The Office of Inspector General (“OIG”) of the Department of Health and Human Services, generally, would have concerns about a potential or existing referral source receiving free goods or services, since these free goods and services could be used to provide unlawful payments for the referral of Federal health care program business.  However, under Advisory

In a recent Advisory Opinion (No. 16-02), the OIG concluded that it would not seek sanctions against a state-run hospital (the “Hospital”) under the federal anti-kickback statute or the civil monetary penalty law for two arrangements under which the Hospital provides transportation aid and short-term lodging to pregnant women covered by federal health care programs.  

This week the Office of Inspector General (OIG) published Advisory Opinion 15-16 addressing a 501(c)(3) charitable foundation (the “Requestor”) that would seek donations from third parties (including drug manufacturers) and provide financial assistance with out-of-pocket patient expenses for outpatient prescription drugs.

Under the proposed arrangement, the Requestor would maintain two disease funds, one of which

The Office of Inspector General (OIG) of the Department of Health and Human Services posted an Advisory Opinion today addressing a hospital system’s proposal to lease administrative employees and to provide operational and management services to a related psychiatric hospital for an amount equal to the hospital system’s fully loaded costs (i.e., salary plus benefits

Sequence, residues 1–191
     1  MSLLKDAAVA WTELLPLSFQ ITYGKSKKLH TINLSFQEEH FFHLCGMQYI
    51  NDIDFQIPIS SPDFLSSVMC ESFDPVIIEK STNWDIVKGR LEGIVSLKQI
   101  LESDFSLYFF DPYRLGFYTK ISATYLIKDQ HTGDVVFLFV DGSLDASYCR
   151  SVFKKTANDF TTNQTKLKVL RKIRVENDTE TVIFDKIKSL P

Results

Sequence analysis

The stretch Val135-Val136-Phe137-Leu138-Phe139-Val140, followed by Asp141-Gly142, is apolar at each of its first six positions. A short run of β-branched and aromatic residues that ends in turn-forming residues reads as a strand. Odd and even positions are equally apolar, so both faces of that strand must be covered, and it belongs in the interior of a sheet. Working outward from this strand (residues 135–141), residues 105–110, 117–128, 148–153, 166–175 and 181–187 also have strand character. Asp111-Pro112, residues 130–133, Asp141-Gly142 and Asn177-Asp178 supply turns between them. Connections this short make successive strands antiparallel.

In the recently released OIG Advisory Opinion No. 09-16, the OIG found that participation by chiropractors in a referral network would not run afoul of the federal antikickback statute.  In AO 09-16, the OIG reviewed a proposed arrangement whereby chiropractors who are members of an association would each pay $200 per month to participate in a "network" that would

It is apparent that preventive care will take on greater importance in the "reformed " health care system and while Medicare historically did not cover routine or preventive screening services, the list of preventive services now covered by Medicare has grown in recent years.  Physicians should familiarize themselves with the applicable coverage and billing rules so

In its recent Advisory Opinion No. 09-05, the OIG reviewed a proposed arrangement whereby a hospital would compensate physicians for on-call services performed on behalf of the hospital’s uninsured patients. The OIG concluded that while the Proposed Arrangement could potentially generate prohibited remuneration under the anti-kickback statute, if the requisite intent to induce or reward